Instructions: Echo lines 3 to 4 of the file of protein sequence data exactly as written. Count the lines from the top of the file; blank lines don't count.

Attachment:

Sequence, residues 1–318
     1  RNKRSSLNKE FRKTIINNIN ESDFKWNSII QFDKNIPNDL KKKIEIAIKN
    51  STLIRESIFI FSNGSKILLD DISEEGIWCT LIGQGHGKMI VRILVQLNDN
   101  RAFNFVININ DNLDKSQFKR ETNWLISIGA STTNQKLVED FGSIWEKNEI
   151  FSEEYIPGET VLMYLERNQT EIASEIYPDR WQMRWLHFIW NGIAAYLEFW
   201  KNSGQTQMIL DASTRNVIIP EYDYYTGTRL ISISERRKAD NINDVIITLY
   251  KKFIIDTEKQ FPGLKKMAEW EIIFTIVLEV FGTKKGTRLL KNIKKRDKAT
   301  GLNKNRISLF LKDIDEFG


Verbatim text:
    51  STLIRESIFI FSNGSKILLD DISEEGIWCT LIGQGHGKMI VRILVQLNDN
   101  RAFNFVININ DNLDKSQFKR ETNWLISIGA STTNQKLVED FGSIWEKNEI